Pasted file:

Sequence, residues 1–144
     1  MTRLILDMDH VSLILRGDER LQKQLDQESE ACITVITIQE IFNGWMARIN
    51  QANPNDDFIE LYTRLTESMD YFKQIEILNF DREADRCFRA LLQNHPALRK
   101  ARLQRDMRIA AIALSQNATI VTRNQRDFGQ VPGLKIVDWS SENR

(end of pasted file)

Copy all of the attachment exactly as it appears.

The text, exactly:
Sequence, residues 1–144
     1  MTRLILDMDH VSLILRGDER LQKQLDQESE ACITVITIQE IFNGWMARIN
    51  QANPNDDFIE LYTRLTESMD YFKQIEILNF DREADRCFRA LLQNHPALRK
   101  ARLQRDMRIA AIALSQNATI VTRNQRDFGQ VPGLKIVDWS SENR